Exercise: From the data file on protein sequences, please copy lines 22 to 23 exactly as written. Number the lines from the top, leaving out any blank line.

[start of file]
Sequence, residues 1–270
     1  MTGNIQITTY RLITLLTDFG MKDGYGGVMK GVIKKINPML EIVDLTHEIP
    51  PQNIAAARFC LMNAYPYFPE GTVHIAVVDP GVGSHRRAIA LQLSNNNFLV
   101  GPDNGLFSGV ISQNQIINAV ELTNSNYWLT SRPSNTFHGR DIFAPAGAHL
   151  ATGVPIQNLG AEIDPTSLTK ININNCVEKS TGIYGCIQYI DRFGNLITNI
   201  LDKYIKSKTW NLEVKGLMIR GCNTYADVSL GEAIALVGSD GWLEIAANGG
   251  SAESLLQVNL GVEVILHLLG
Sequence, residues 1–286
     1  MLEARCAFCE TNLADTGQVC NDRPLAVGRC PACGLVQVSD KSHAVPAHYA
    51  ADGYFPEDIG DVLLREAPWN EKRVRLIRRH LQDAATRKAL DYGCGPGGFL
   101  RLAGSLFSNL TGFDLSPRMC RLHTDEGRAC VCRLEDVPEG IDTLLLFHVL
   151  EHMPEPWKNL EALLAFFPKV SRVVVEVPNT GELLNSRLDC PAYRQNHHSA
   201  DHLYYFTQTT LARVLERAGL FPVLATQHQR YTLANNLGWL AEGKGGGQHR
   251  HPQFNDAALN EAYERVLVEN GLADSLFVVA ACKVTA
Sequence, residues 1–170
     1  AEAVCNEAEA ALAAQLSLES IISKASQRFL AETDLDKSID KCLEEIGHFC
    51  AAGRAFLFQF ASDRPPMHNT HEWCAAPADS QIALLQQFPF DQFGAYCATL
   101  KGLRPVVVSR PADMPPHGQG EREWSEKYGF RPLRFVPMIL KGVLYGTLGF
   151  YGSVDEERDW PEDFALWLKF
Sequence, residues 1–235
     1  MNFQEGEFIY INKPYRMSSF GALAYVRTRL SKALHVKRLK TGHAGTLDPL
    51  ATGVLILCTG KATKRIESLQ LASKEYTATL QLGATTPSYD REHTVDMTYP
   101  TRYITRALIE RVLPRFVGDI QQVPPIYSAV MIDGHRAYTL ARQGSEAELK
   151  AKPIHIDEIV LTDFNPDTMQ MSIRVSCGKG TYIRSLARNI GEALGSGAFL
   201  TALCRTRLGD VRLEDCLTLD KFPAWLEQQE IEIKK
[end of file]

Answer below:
    51  ATGVLILCTG KATKRIESLQ LASKEYTATL QLGATTPSYD REHTVDMTYP
   101  TRYITRALIE RVLPRFVGDI QQVPPIYSAV MIDGHRAYTL ARQGSEAELK